I’m sure you’re now thinking how on earth does this relate to horses? Let me explain.

Towards the end of the summer when I was nineteen a colleague from the office asked if her daughter could come and meet my horses. I agreed and arranged a visit. The little girl was eight years old and had had a few lessons, so I tacked my 14.2hh pony up and let her have a ride. We walked up the lane and then went into the indoor arena where I stepped back slightly and instructed her to walk him round. We were only there about fifteen minutes, but she trotted on both reins without a hiccup. As we walked back to the yard my colleague just looked at me and exclaimed “why on earth aren’t you teaching?! That was brilliant, you are a natural.”

I thought about what she said over the next couple of days and it made sense. I had felt very comfortable teaching, more confident than I felt in any other part of my life. I’d always enjoyed watching and assisting with the lessons, taking as much in board as I could, and I had even taught the young girls with their new ponies while the yard owner was on holiday. I finally knew what I wanted to do with my life.

The next day I enrolled at a nearby equine college and over that academic year studied and passed my BHS Stage 1 and 2, as well as the Advanced National Certificate in equine care. The following summer I started an apprenticeship at a busy riding school and over the next twelve months, with lots of ups and downs and hard work, I passed my Stage 3 and 4 and PTT exams as well as my NVQ Level 3 in horse care. I was very lucky that my first year in college set me up for the harder exams, as much of the Stage 3 and 4 care syllabus had been covered in the college course. I could never have achieved the later exams in college as I lacked the experience in the equine world, but at the same time college taught the basic standards expected in the professional world.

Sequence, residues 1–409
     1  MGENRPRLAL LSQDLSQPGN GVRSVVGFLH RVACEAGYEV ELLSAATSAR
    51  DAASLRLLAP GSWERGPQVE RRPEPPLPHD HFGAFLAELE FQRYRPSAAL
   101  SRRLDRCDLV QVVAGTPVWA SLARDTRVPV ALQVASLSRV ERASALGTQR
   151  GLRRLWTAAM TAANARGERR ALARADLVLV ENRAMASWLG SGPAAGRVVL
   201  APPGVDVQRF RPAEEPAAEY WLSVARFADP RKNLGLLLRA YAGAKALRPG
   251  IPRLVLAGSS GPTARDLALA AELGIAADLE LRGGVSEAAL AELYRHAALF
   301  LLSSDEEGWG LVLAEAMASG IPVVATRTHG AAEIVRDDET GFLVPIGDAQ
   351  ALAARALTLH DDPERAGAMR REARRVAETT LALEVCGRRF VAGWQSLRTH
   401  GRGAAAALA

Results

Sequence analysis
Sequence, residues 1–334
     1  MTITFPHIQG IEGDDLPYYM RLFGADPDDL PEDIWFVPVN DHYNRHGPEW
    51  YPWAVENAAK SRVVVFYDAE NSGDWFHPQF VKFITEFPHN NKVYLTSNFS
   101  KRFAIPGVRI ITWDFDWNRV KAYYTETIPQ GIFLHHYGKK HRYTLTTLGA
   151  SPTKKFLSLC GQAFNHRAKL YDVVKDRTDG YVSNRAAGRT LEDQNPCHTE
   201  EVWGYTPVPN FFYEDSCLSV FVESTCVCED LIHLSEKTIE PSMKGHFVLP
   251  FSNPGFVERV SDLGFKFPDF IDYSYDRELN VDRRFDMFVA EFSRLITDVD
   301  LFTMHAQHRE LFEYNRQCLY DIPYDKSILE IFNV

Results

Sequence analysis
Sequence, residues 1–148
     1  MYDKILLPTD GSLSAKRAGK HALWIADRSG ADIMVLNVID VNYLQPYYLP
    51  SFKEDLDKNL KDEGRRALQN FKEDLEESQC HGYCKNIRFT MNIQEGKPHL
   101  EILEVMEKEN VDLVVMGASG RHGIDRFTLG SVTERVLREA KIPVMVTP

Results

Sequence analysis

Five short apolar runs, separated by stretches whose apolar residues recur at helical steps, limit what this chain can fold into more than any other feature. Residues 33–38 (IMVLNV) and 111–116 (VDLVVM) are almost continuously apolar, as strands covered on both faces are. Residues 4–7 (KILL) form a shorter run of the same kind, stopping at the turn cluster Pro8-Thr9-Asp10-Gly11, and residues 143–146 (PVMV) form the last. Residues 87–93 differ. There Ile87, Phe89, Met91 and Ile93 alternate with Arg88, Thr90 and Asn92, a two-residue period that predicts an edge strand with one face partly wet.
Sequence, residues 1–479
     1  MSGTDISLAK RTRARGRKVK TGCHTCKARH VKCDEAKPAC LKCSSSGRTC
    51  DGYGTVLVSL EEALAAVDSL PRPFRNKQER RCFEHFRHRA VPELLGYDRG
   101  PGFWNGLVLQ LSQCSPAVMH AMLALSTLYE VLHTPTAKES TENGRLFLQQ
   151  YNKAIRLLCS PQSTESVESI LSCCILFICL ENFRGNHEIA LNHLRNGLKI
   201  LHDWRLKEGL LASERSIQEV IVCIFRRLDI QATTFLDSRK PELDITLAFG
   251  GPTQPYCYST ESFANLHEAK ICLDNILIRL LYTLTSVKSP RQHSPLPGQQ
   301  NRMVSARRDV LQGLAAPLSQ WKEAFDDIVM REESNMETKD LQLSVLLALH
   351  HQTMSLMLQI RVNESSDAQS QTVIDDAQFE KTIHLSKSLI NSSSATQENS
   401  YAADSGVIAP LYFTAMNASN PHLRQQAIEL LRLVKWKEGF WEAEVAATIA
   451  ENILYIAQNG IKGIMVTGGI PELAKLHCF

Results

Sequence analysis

From what I’ve observed recently I was one of the lucky ones. Apprentices now get very little training compared to what I had (I had two hours every week day, whilst some I see are lucky to get four hours over a whole week) and very few opportunities to go to events or competitions. The hard work and long days often cause many new apprentices to lose motivation and that is often before the wet cold winter. I think that this is an age think. Impressionable sixteen year olds, fresh out of school aspire to play with ponies all day, and are physically incapable of performing the manual labour which unfortunately goes hand in hand with horse riding.
Colleges on the other hand, seem to attract teenagers who are at a dead end in life so fall down the equine road. Unless you have a very dedicated and knowledgeable team of lecturers, as I did, it can be difficult to distinguish yourself from the rabble and not to be distracted from your studies. Perhaps it helped I was a bit older, that I went to college to focus on my career, or perhaps it was because my lecturers inspired me, who knows. Whatever it was, I wish more colleges had a higher success rate of equine courses, and retained their students so they taught them to a higher level which would provide them with better opportunities in the equine world. So many able kids leave college after a year with their Stage 1 and a certificate, which they could have achieved within a month of training. These kids are the future of the equine world, but if we allow them to drop off the ledge and waste their talent we will be sorely missing some future professionals.